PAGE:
The brightest spot of the typically gloomy and rainy weeks of the Icelandic autumn is undoubtedly the Airwaves music festival. Attracting thousands from around the world each year, the popularity of the festival is booming. So much so, in fact, that at the time of this writing there are only a few tickets left available (under 1.000)—months before the festival actually begins. It would seem as well that most of this attention comes from the overseas market, as there are 50% more package deals (tickets plus airfare and hotel accommodation) sold than last year.
This is due in no small part to the fact that Björk Guðmundsdóttir will be playing at the Harpa music hall during the festival, with seats and standing room available for two shows on a “first come, first served” basis for Airwaves ticket holders. According to festival organisers, Björk’s show will “feature a range of specially conceived and crafted instruments, among them a bespoke digitally-controlled pipe organ; a 30 foot pendulum that harnesses the earth’s gravitational pull to create musical patterns—creating a unique bridge between the ancient and the modern and a bespoke gamelan-celeste hybrid. These devices reveal some of the physical processes that are the subject matter of the songs.”
BJÖRK IS NOT ALONE
Björk playing at Airwaves is big news in itself, but she’s not the only act set to perform. Among other famous names, Yoko One and the Plastic Ono Band will also grace the stage. That’s two living female legends in the same music festival, and while these two acts in themselves would make for a great time, there are still other high-calibre acts in the mix.
First on the list is the British alternative rock band The Vaccines (featuring a fancy Icelandic bass player, Árni Hjörvar of Future Future, etc.). From the other side of the Atlantic is an altogether different act, Brooklyn’s black metal band Liturgy. While America isn’t exactly renowned for its output of black metal acts, one review of these guys described their sound as “a minimalist, grim, dissonant and blizzardly fast black-metal sound exhibited in their debut recording ‘Renihilation’ that could rival with the grimiest and disgustingly-looking band coming out from the depths of Norway.”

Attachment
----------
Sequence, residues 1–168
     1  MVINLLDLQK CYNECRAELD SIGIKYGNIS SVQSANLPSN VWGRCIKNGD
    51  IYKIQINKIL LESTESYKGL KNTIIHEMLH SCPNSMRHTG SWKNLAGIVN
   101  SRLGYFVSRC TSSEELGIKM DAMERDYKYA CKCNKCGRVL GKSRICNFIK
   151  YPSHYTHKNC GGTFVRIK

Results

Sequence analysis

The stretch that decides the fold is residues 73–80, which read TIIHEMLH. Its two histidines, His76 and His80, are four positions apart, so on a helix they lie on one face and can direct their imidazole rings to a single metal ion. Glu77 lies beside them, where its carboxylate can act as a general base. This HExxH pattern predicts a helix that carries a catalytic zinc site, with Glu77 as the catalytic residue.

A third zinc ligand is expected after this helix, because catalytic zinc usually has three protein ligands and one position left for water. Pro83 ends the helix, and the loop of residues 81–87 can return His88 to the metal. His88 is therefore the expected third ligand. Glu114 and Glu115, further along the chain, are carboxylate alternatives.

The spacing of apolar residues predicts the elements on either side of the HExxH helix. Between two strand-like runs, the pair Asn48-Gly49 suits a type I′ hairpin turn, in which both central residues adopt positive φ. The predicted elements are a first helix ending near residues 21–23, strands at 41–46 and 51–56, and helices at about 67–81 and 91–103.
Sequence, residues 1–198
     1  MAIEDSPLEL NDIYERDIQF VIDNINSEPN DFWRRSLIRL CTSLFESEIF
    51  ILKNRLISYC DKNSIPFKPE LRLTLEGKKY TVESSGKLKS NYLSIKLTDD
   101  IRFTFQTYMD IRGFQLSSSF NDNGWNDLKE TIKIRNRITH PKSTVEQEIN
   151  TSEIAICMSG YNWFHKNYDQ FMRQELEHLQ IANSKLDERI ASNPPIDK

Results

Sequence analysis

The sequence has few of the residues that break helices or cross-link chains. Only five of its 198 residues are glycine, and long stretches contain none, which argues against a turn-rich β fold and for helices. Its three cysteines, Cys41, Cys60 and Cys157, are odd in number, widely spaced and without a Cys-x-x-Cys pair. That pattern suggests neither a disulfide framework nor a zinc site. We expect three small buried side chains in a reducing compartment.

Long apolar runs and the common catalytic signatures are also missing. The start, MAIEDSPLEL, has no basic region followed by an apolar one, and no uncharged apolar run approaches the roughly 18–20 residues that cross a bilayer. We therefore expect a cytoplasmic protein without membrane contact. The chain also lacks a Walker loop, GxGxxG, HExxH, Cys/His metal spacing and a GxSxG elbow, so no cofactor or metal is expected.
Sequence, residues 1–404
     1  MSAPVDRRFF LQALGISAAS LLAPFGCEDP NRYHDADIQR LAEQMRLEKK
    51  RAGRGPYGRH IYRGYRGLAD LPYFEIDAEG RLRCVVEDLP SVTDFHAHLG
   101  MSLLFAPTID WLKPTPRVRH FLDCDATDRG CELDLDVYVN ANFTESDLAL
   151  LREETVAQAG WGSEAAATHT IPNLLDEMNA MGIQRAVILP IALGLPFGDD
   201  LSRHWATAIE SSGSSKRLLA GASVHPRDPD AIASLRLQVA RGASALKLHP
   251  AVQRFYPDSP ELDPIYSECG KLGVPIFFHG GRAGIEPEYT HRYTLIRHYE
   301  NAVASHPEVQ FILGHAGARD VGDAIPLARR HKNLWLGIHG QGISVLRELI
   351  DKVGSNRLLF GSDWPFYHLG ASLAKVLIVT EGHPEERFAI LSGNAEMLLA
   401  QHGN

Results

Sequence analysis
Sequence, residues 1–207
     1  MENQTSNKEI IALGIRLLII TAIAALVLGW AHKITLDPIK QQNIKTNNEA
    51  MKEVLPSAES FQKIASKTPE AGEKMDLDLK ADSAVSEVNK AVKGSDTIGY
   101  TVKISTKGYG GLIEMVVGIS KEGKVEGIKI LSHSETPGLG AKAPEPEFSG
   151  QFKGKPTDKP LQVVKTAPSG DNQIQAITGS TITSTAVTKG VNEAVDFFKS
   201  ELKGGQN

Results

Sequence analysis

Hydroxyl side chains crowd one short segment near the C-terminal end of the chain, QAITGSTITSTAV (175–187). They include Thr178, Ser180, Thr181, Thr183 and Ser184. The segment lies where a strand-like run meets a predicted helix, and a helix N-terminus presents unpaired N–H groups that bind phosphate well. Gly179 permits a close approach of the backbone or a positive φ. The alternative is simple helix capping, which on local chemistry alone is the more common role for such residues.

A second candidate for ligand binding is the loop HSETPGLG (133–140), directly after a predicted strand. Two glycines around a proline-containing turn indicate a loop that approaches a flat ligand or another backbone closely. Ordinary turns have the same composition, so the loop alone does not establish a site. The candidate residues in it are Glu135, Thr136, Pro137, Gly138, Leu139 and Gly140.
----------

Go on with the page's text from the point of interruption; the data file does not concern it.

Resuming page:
As far as Icelandic artists go, dance music legends GusGus will be performing, as well as For A Minor Reflection, ex-Amiina Kippi Kaninus, electropop band Sykur, the melodic punk rock of Vicky and Mógil will be bringing some jazz and classical to the festival. Organisers also point out “from our little island in the north we bring you the unique singer-songwriter and multi-instrumentalist Ólöf Arnalds, whose voice has been described as ethereal, and otherworldly and we couldn’t agree more. And since we’re talking Icelandic artists, why not keep it in the family? Ólöf’s cousin Ólafur Arnalds is also a multi-instrumentalist and a composer of bewitching soundscapes.”
As someone who has been following and covering Iceland Airwaves for the past six years, I can honestly say I’ve never been this excited about the impending event. This might very well prove to be one of those once-in-a-lifetime music events that evokes the magic and energy of the experience every time you look back on it.
Better get your tickets or package deals now, before they sell out—if they haven’t already.
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